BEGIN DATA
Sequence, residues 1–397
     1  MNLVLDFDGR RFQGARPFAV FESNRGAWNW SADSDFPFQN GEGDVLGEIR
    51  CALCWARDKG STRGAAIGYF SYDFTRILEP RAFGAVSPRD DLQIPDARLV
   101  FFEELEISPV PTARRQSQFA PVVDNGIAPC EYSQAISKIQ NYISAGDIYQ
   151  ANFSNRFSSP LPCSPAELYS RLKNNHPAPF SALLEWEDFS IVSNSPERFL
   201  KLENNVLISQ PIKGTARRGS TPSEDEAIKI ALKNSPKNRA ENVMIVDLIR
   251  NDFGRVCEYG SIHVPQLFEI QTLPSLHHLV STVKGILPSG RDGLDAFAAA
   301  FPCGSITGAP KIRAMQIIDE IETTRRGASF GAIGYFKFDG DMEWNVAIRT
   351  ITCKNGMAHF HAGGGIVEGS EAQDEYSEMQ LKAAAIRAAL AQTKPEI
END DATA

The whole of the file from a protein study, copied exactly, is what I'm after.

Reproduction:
Sequence, residues 1–397
     1  MNLVLDFDGR RFQGARPFAV FESNRGAWNW SADSDFPFQN GEGDVLGEIR
    51  CALCWARDKG STRGAAIGYF SYDFTRILEP RAFGAVSPRD DLQIPDARLV
   101  FFEELEISPV PTARRQSQFA PVVDNGIAPC EYSQAISKIQ NYISAGDIYQ
   151  ANFSNRFSSP LPCSPAELYS RLKNNHPAPF SALLEWEDFS IVSNSPERFL
   201  KLENNVLISQ PIKGTARRGS TPSEDEAIKI ALKNSPKNRA ENVMIVDLIR
   251  NDFGRVCEYG SIHVPQLFEI QTLPSLHHLV STVKGILPSG RDGLDAFAAA
   301  FPCGSITGAP KIRAMQIIDE IETTRRGASF GAIGYFKFDG DMEWNVAIRT
   351  ITCKNGMAHF HAGGGIVEGS EAQDEYSEMQ LKAAAIRAAL AQTKPEI